Formal & non-formal routes to employment established

Individual sector champions

Demand Conditions

Weak overall local demand

Particularly in higher value / more challenging segments

WEAKNESSES

Knowledge Infrastructure

Questions over political will to engage in strategic projects

Factor Conditions

Industrial base relatively narrow (in activity, source of demand, business model)

Makes cluster vulnerable to volatility of business cycle

Business Support

Environment

Weaknesses of mainstream business support compared with other sub-regions

Image

Negative image abides in some quarters of the region (corporate market and the media)

Leadership & Partnership

Low level of joint working across the sector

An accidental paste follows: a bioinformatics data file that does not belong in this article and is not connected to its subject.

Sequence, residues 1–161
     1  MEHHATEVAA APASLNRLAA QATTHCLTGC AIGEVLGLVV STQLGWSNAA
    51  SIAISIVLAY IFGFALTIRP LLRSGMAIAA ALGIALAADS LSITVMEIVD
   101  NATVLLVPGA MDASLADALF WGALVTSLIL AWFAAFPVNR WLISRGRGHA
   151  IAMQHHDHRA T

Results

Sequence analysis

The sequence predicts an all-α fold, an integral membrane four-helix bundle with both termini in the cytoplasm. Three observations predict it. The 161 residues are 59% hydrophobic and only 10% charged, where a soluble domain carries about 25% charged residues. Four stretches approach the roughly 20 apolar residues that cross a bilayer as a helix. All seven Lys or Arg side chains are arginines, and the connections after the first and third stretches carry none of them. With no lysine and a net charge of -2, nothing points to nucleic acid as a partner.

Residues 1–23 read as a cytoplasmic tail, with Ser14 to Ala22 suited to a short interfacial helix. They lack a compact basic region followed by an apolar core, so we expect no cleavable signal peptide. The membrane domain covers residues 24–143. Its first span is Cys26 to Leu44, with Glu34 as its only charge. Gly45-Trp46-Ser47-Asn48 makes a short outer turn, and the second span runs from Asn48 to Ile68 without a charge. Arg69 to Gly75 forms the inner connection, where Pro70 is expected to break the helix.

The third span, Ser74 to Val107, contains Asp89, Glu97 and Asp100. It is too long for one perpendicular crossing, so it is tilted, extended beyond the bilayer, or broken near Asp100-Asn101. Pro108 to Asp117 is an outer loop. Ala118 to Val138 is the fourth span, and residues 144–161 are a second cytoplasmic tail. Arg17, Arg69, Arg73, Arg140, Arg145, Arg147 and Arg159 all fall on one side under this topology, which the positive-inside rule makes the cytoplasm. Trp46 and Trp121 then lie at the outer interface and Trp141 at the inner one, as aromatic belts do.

Lack of focal point for promoting the sector

Perceived loss of momentum

OPPORTUNITIES

THREATS

Competitive Dynamics of

Diversifying Business Base Factor Conditions

Grow micros into small firms

Develop non-Books & Press segments

Encourage IP-based businesses

Improve robustness & sustainability

Building on Success

Sector upbeat about future prospects

Further potential to be unlocked

Kirklees can build on regional

Rising property costs

Pressure on availability of suitable property

Potential business climate/image as a centre for ‘lifestyle’ businesses

UK Print & Publishing

Industries

Sector heavily dependent on

P&P for jobs & wealth creation

Local future in part contingent on spatial restructuring

 potential investors & partners comparative advantage of

Huddersfield cluster

Competition from the Rest of the Region

Huddersfield’s creative industries: a swot analysis (2002)

Provide more unified front to

Potential change of attitude in Leeds towards early stage companies

End of ESF & ERDF

European funding

End of current funding round

1. Inter-linkages

2. Embeddedness

3. Policy levers

Models II: The Creative Industries Cluster

Levels of policy leverage

Simple and

Transformational